- Down to the Bone
- Bitter Pill
- Where There’s Smoke
- Freedom Rings
- Another Day to Die
- King of the Rat Bastards
- It’s All Yours
- In The Name
When I think of the most iconic bands in thrash metal history, Overkill always gets mentioned among the greats. The squeels, the power, the fast pace, White Devil Armory has all that you would hope from an Overkill album from start to finish. Opening with Xdm, simply an intro track to the most brutally fast and aggressive thrash track I’ve heard in a few years Armorist makes me want to run around in a circle as fast as I can with my fist in the air screaming “ARMORY, ARMORY!” which I have to believe is what Bobby Blitz was going for while writing out the lyrics to this track, and all I could say was FUCK YES, and keep pushing on.
Down to the Bone is a slightly more melodic track, but I think it’s always good to be brought back to earth a little bit after a bruising track like Armorist, and it does just that, but also runs by the rules of traditional thrash by making you want to punch someone in the face, pick them up and do it all over again, and then buy him a beer. This molds into Pig quite well, another aggressive, bruising track that makes me air guitar to the best of my ability, and then into Bitter Pill, a headbangers delight that reminds us that thrash albums are built on melody just as much as fast aggressive blitz’s. Bitter Pill also allows some room for Bobby’s vocals to stand out and hear his melody come out, you know – that melody that make you love Overkill in 1987.
Where There’s Smoke, well… Where’s there’s smoke… there’s this God damn song that comes out of nowhere almost, perfectly placed after Bitter Pill, I can see Overkill trying to decide where to put this song and say “let’s fuck with them and put it right in the middle of the album.” Well, it worked…this may be my favorite track on this entire album. It absolutely destroys your senses, everything I want when I listen to an Overkill or Exodus album this song has. Then we head into Freedom Rings, and FINALLY a track with a killer bass solo (a signature of the 80’s thrash movement that’s seemingly been lost in the years after), that builds into an absolute hurricane of destruction. Is Bobby pissed off in this song? I can’t tell, but it seems like something with incredible force is driving this song through your ears.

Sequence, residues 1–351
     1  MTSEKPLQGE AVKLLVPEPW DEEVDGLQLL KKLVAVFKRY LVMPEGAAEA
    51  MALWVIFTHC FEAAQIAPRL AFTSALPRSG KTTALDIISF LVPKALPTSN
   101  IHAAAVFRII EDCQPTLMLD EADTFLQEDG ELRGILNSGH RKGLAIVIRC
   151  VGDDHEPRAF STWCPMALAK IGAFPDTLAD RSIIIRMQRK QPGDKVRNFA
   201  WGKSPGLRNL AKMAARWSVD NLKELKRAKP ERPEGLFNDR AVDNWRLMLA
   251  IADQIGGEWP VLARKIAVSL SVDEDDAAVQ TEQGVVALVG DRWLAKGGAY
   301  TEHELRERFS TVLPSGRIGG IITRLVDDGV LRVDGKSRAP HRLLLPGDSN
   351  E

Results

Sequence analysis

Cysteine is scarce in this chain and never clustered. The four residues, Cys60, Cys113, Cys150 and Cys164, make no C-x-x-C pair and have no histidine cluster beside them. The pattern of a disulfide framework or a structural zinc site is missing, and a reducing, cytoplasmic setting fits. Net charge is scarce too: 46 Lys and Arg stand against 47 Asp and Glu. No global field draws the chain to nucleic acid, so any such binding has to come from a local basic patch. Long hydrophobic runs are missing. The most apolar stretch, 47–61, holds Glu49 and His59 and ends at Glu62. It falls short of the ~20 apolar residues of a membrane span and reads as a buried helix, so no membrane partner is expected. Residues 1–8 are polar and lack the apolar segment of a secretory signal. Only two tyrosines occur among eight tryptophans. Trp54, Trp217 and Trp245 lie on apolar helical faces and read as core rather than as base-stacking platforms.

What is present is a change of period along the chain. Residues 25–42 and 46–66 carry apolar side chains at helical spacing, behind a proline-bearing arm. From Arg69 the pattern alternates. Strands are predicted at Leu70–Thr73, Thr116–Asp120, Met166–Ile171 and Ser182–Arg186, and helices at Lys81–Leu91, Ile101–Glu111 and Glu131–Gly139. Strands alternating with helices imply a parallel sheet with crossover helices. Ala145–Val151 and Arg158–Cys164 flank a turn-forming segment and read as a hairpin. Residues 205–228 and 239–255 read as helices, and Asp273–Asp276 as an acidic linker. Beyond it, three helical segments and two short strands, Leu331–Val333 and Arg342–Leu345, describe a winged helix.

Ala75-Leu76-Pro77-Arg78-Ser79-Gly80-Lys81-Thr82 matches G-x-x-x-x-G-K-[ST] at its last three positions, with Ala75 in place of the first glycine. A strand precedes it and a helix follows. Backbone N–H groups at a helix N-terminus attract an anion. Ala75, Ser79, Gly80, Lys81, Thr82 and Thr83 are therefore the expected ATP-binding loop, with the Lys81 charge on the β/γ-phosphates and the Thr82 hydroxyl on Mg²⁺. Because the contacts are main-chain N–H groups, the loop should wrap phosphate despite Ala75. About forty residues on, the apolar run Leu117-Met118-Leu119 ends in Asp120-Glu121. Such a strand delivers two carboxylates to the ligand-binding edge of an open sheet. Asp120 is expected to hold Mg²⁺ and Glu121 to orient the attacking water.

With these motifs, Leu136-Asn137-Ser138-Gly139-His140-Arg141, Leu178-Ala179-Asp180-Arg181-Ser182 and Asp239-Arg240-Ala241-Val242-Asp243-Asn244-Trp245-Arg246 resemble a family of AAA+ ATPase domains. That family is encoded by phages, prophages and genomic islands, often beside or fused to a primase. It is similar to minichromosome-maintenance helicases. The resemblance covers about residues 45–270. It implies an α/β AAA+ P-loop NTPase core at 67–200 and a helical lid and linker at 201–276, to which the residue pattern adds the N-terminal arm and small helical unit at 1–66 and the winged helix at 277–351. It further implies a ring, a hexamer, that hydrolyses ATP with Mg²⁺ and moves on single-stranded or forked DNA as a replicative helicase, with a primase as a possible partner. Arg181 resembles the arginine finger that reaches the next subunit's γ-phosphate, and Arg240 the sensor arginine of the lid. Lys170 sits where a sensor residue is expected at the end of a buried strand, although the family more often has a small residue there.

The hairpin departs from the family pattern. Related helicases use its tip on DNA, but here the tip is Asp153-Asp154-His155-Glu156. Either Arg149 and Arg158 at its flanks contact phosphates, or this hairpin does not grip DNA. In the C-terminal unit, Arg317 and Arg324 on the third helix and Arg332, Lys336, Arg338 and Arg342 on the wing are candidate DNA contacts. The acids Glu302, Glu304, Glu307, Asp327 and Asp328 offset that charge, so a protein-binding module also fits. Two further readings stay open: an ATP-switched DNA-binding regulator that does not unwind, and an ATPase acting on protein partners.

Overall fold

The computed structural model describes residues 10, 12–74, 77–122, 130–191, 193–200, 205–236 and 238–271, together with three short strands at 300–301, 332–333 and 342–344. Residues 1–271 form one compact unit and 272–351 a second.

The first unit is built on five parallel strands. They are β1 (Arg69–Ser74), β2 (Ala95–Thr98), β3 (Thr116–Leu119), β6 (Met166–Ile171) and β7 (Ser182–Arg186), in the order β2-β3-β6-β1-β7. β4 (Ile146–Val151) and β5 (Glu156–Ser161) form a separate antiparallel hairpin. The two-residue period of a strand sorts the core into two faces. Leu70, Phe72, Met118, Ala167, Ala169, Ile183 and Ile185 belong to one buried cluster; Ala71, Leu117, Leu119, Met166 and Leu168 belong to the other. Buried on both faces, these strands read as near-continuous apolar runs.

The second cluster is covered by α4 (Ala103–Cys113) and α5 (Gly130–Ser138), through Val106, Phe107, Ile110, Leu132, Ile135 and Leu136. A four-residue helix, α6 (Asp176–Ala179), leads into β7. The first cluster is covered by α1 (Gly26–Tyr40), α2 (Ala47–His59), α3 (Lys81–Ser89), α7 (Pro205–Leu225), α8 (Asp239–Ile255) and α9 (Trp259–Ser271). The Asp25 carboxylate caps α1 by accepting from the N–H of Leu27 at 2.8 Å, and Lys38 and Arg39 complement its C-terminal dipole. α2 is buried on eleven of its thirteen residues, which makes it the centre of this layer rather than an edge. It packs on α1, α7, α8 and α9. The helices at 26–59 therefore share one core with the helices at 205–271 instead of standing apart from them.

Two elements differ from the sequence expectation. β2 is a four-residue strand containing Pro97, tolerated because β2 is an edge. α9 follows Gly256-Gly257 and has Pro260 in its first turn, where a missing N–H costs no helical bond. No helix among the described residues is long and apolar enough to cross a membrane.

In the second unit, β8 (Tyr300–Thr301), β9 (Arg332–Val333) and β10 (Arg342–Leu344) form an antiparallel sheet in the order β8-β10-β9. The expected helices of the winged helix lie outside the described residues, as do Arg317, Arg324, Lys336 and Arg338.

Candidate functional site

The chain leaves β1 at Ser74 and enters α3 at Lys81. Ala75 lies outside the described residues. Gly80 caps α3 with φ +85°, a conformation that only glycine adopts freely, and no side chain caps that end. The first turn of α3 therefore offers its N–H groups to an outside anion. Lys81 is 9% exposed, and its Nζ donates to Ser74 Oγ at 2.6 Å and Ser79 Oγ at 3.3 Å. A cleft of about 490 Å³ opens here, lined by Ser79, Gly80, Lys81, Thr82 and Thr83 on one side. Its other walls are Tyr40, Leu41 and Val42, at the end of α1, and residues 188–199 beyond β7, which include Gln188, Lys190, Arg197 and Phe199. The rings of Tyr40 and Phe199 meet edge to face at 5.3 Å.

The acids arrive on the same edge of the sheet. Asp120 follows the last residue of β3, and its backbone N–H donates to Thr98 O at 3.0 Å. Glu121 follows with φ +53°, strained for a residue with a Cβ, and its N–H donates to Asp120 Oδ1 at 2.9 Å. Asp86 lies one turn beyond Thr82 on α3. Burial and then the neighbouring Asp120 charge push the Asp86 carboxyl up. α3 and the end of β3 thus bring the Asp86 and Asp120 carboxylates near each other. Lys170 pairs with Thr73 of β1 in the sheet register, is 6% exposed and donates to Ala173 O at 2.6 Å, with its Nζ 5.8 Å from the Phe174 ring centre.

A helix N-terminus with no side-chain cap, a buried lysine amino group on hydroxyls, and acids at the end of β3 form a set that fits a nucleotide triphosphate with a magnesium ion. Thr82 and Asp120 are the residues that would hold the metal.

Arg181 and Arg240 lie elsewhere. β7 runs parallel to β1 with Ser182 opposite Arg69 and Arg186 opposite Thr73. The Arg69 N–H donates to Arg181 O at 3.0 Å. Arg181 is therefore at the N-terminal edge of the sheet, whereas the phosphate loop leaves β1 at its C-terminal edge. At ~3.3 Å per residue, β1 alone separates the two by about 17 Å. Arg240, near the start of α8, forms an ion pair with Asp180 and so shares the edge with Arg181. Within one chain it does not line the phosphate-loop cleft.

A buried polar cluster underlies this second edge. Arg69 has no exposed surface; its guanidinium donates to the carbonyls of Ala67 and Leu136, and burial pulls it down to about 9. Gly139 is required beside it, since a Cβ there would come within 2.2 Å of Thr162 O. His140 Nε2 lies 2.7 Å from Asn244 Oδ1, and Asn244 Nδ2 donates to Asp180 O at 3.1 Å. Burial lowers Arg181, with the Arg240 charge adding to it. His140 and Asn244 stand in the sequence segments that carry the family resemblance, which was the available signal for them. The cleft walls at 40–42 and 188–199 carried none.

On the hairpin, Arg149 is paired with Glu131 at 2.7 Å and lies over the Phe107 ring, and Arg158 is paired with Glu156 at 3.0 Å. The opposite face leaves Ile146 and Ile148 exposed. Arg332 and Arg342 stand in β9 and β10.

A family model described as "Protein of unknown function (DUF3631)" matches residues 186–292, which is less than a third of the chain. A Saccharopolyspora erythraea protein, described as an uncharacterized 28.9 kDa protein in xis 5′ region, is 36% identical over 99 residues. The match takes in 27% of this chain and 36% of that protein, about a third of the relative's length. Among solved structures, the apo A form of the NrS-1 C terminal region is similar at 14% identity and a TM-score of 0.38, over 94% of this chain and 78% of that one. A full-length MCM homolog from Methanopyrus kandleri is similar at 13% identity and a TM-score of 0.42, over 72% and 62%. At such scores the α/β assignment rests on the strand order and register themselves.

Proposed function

Another Day to Die quietly tells us “he’s a stone cold killer gonna send me home” and I believe every word of it, it’s an epic, a brutal tale of a band that has had it’s struggles holding it together and not ever getting the recognition they deserved over the years. Into King of the Rat Bastards, held together riff by riff, beat for beat and Bobby Blitz’s iconic harsh melody I ask myself what year is it? Oh right, it’s 2014, but I can only tell because of the recording quality.
We end on It’s All Yours and In The Name, and a lot of times people will discount or skip on tracks at the end of a record, which is a mistake, a lot of times you will get a hidden gem sitting in the last three minutes, which is exactly what we get!
At times, I feel like Bobby’s voice takes over this record, but not in a bad way at all, but in fact all the pieces work so perfectly together that you can hear how hard Overkill tried to put together the best, most quality album they could. My personal opinion is that this album absolutely destroys from start to finish, if you’re a thrash fan you’ll love it, and if you’re simply a metal fan and have never heard an Overkill song in your life – headbang away kids, here’s a history lesson in thrash.
Bobby “Blitz” Ellsworth – Vocals
D.D. Verni – Bass, Backing Vocals
Dave Linsk – Lead Guitar. Backing Vocals
Derek Tailer – Rhythm Guitar, Backing Vocals
Ron Lipnicki – Drums